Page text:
To demonstrate the voltage-controlled topological transition, we numerically calculate the edge-state spectrum of the semi-infinite plane at different values of Vg. A semi-infinite plane is chosen to ensure that the edge state hybridization is zero since the opposite edge is at x = −. Choosing the parameters for N = 0 and N = 1 as shown by the two points in Fig. 2(a), the edge spectral function is plotted versus ky and E in Figs. 2(b) and 2(c), respectively. In Fig. 2(b), the applied voltage is zero, N = 0, and a trivial gap opens at the Dirac point. Applying a −20 mV potential to the top surface, a topological transition occurs, and a gapless Majorana edge mode appears as shown in Fig. 2(c).

For further verification of the model, we construct a 2-terminal, finite-width device consisting of a central superconducting/MTI bilayer region with two non-superconducting, topological insulator leads mimicking the experimental setup recently reported.16 The structure is illustrated in the inset of Fig. 2(d) where the length of the superconductor area is 40 nm and the width is 100 nm. As seen in Fig. 2(d), a half-integer plateau in conductivity appears during a scan of the Hund's-rule exchange energy JH, which emulates a scan of an externally applied magnetic field. This plateau is the result of a combination of normal reflection and Andreev reflection.16 

We now show that a voltage applied to a gate with a large aspect ratio can create localized Majorana zero modes at the ends. Figure 3 shows the simulation geometry that consists of a long, thin, gated region within a rectangular supercell. The dimensions of the gated region are 28 nm× 1.6 μm, and the dimensions of the supercell are 150 nm× 2 μm. Figure 3(a) is a color map of the lowest positive-energy (E ≥ 0) state |ψi|2 at each site i at a gate voltage of Vg = −20 mV. The thin width of the gated area, 28 nm, is less than the penetration depth of a Majorana edge mode. This hybridizes the states on the opposing long edges of the gated region, so that a gap is opened in the energy spectrum and there is no zero-energy mode along the edges. Further decreasing Vg to −50 mV, a pair of bound states appear at the ends of the gate as shown in Fig. 3(b), and the energy of these bound states drops 5–6 orders of magnitude from 5 meV to ∼10−9 eV, suggesting that they are MZMs. The hybridization of the MZMs at the ends of the gated regions is negligible since they are 1.6 μm apart.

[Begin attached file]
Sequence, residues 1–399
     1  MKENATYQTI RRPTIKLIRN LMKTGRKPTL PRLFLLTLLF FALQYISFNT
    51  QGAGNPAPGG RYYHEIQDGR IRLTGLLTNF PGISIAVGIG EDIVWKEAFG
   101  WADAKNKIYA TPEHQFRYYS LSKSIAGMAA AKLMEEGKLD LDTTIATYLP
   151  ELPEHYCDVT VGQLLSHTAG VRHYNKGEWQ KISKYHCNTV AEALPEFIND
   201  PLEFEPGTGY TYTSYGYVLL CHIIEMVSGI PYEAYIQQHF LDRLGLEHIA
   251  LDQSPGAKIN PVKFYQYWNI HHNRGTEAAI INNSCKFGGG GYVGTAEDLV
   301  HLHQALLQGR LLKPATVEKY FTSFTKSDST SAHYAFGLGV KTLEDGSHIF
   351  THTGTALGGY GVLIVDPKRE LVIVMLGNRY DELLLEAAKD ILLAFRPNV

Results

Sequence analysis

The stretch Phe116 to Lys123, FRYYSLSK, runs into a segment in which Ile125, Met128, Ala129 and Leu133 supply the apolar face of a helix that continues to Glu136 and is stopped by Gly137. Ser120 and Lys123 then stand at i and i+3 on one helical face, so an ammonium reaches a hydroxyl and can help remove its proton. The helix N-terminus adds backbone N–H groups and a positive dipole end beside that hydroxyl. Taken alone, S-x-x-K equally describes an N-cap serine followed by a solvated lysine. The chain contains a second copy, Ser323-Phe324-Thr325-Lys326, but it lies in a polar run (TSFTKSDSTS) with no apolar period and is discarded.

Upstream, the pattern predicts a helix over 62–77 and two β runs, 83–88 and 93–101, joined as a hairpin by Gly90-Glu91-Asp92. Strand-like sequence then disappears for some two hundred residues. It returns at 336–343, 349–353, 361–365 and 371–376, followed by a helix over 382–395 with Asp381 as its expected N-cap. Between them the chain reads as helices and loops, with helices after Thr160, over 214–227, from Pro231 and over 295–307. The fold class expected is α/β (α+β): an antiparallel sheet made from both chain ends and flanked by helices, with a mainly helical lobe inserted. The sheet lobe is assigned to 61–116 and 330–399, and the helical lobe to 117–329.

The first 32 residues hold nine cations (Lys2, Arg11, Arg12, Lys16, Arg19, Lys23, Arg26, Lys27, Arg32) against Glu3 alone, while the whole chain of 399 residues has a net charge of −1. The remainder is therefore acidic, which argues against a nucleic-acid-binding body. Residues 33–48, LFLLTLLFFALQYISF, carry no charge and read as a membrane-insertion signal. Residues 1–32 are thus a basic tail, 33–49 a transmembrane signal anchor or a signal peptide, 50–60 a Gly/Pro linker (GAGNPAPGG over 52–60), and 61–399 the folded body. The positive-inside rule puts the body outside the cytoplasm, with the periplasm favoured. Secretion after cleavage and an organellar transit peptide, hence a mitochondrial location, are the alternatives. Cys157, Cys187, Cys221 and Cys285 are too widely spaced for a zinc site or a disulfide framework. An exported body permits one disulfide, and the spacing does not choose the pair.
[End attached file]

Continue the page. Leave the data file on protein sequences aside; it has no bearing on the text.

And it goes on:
The voltage at which the MZMs appear depends on the geometry of the gated region. Figure 3(c) shows a calculation of the ground state energy as a function of the gate voltage for 4 different gate widths. The gate lengths are fixed at 1.6 μm. For each gate width, there is a critical gate voltage at which the ground-state energy goes to zero. The magnitude of Vg required to achieve the zero-energy state increases as the gate width decreases.

To confirm that the localized end-modes are indeed MZMs and not simply very low-energy states, the eigenvectors Ψ of the zero-modes are analyzed to determine if they satisfy the property Ψ = Ψ. The eight coefficients of each mode at each site j can be divided into four groups with each of the groups containing a pair of coefficients that are complex-conjugates, as follows:

Ψ=(A1A2i)ψt+(A1+A2i)ψt+(A1A2i)ψb+(A1+A2i)ψb+(B1+B2i)ψt+(B1B2i)ψt+(B1B2i)ψb+(B1+B2i)ψb,
(4)

where Ψ is the wave function of a MZM, and A1,2 and B1,2 are the site-dependent normalization coefficients. The real and imaginary parts of Ψ|ψb and Ψ|ψb are shown in Figs. 3(d)–3(g). Numerically, Re[Ψ|ψb] and Re[Ψ|ψb] are identical, whereas Im[Ψ|ψb] and Im[Ψ|ψb] have different signs, which satisfies Eq. (4). Similar results are obtained for the other bases. This confirms that the zero-energy states are MZMs.